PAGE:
Heroin is a major problem in American society, and the roots of the problem are sometimes hard to flesh out. Not only that, but the issue is so ingrained in society that many people often ignore the side effects of such an excessive dependence on opioids. The reason behind the heroin epidemic may be surprising, especially when you realize that the problem is a lot closer to home than you may have thought. It isn’t just the lowest rungs of society that are suffering from heroin addiction. In fact, heroin is more typical of the higher sects of society, although heroin addicts can quickly lose their position if their addiction reaches a breaking point.
The Source of Heroin Addiction
Heroin is produced by processing opioid precursors like the poppy seed into a form that is similar to legal prescription opioids that are commonly handed out in doctor’s offices across the United States. The two most popularly prescribed legal drugs in this category are hydrocodone and oxycodone. These two drugs accounted for over 200 million prescriptions in 2013 alone. It is estimated that over 2 million people in the United States suffer from some form of prescription drug dependence, and nearly another 500,000 suffer from heroin addiction.
The correlation between these two statistics is that about half of all heroin users started off by being prescribed opioid drugs from a doctor. The user became dependent on the opioid, and either stopped receiving the prescription from their doctor, or they only decided to step up to injecting heroin since it is easier to obtain and cheaper than prescription drugs. The result is a huge class of people who might become addicted to drugs only because a medical professional decides to prescribe hydrocodone to alleviate minor pains. This core issue of over-prescribing these powerful drugs is perhaps the most important in the entire debate about heroin addiction and its effects on society.
The Costs of Addiction
Heroin is not one of the more popular illegal drugs in the country, but it still accounts for about 5 percent of all substance abuse. It has been estimated that the heroin epidemic costs nearly $22 billion annually. That number is determined by the estimated overall loss of productivity, the cost of criminal activity and incarceration, and the loss of resources dedicated to helping the issue. Of course, there are more efficient ways to go about dealing with the issue, but the War on Drugs initiative still has the upper hand over logic and reason.
Nearly 100,000 people are incarcerated each year solely for heroin abuse, and about 11,000 people die every year from their addiction. Heroin is responsible for over 500,000 annual cases of diseases that could have been prevented. Inpatient care is often the only option left to heroin addicts, but the benefits are far preferable to spending time in jail for a disease you can’t control. In-patient care allows the user to focus on recovery and nothing else. If society could change the way heroin addiction is perceived, then perhaps addicts will be able to choose recovery over prison.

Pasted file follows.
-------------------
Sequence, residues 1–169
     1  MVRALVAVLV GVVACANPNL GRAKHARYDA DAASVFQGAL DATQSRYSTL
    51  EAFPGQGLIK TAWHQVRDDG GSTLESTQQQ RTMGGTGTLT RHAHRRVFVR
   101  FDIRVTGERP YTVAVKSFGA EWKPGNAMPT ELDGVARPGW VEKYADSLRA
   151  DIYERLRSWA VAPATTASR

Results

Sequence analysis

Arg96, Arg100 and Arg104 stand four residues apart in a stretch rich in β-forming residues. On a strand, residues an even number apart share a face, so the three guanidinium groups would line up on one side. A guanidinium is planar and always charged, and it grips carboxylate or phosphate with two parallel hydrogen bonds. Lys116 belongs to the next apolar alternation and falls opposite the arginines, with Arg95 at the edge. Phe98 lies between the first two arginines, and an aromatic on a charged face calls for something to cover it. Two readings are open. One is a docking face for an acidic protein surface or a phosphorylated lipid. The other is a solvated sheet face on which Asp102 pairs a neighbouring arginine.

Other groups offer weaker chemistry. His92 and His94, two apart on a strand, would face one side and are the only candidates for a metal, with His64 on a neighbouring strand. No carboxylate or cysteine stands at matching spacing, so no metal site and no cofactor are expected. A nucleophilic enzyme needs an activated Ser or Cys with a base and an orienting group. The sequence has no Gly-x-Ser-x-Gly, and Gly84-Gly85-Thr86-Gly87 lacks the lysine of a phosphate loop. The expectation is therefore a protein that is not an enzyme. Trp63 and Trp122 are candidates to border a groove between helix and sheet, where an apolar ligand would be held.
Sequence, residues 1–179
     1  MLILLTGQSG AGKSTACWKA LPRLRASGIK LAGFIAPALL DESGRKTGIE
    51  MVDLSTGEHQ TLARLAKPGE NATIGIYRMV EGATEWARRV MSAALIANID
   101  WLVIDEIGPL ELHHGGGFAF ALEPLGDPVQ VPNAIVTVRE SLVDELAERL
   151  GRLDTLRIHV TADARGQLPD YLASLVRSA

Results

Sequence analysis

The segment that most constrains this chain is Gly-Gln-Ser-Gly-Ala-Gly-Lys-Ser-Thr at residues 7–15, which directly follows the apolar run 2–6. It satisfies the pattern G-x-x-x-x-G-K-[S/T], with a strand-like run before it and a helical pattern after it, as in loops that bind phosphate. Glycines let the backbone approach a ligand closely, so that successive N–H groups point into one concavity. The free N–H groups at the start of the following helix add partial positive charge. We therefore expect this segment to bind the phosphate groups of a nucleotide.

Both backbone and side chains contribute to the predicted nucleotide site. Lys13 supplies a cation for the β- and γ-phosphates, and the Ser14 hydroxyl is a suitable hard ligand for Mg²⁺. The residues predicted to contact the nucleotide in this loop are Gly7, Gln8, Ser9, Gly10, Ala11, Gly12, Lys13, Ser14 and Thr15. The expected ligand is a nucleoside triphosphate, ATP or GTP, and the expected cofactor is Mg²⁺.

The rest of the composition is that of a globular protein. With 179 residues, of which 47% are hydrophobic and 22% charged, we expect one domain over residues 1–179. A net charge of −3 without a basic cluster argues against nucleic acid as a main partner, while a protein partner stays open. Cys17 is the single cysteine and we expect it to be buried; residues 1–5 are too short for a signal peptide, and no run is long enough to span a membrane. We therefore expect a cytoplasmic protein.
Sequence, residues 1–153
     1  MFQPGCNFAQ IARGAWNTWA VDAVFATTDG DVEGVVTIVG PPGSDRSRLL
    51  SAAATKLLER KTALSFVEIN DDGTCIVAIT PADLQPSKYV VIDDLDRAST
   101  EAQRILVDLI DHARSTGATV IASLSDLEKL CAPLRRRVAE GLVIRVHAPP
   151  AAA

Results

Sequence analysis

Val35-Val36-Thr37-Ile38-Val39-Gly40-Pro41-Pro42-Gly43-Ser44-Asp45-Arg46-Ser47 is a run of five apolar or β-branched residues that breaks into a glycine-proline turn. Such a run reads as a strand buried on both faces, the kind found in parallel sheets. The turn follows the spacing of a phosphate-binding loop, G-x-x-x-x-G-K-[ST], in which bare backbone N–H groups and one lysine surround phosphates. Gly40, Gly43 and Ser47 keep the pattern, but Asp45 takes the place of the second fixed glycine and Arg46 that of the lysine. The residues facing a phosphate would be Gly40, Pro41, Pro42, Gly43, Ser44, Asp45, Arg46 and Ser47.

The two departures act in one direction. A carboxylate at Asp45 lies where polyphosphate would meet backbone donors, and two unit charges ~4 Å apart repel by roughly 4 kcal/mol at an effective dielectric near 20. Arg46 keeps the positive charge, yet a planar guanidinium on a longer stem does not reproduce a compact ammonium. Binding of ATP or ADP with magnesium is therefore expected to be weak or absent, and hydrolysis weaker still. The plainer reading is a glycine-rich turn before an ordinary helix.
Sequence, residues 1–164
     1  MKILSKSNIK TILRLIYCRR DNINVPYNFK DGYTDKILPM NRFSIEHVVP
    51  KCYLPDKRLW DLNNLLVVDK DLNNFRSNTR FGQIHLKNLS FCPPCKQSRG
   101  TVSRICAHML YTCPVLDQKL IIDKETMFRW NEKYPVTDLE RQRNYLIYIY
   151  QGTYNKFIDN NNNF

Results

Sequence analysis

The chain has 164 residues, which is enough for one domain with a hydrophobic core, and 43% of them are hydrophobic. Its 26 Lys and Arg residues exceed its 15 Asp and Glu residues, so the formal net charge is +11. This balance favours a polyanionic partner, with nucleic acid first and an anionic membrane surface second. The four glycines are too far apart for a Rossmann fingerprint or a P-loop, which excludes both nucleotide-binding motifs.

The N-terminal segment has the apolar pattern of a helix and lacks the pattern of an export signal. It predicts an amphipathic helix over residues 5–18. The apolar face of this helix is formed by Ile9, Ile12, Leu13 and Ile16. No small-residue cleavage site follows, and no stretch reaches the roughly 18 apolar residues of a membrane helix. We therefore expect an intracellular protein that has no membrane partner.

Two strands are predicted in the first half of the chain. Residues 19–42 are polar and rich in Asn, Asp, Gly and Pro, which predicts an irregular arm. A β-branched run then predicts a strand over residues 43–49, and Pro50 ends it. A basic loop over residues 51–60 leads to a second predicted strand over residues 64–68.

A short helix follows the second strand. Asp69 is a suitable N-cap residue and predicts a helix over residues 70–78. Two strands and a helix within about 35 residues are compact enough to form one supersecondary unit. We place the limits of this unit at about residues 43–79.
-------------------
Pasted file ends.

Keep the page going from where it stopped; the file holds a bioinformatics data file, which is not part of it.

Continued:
The Social Impact of the Heroin Epidemic
Opioid dependency, which often leads directly to heroin abuse, is a huge social issue. The family of an addict may have to deal with a whole host of issues, many of which could push an addict further down the rabbit hole. Heroin addiction can end marriages, cause child abuse, lead to failed friendships, and even legal ramifications like criminal charges or loss of child custody.
Heroin addiction can lead to a whole host of medical issues within the addict as well. Communicable diseases are more rampant in the heroin community due to sharing needles and a general atmosphere of filth. HIV and hepatitis are just a few of the horrible diseases an addict might contract, and they often have no insurance or means of paying for treatment. That means if an addict seeks treatment under the current system, the cost of the treatment is often deferred to the rest of society.
The Future of Heroin Addiction
Society widely accepts that the War on Drugs has failed miserably, but it often takes the government a while to catch up with public sentiment and the reality of the world in general. Once the truth of the substance abuse problems associated with the drug is brought to light, it will become apparent that heroin addiction is a disease just like any other. Those who suffer from the addiction should not be treated like criminals, but like the suffering patients they are. The real cost of heroin addiction is only as high as it is because of the way society views the condition. Once enough truth has spread, there will be no need for wasting money on a battle that doesn’t exist.